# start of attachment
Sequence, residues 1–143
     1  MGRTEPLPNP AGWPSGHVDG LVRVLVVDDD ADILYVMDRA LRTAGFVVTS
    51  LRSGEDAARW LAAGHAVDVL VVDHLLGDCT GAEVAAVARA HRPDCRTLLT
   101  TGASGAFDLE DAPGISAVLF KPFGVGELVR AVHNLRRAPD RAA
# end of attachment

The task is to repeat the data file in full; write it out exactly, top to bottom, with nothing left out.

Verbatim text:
Sequence, residues 1–143
     1  MGRTEPLPNP AGWPSGHVDG LVRVLVVDDD ADILYVMDRA LRTAGFVVTS
    51  LRSGEDAARW LAAGHAVDVL VVDHLLGDCT GAEVAAVARA HRPDCRTLLT
   101  TGASGAFDLE DAPGISAVLF KPFGVGELVR AVHNLRRAPD RAA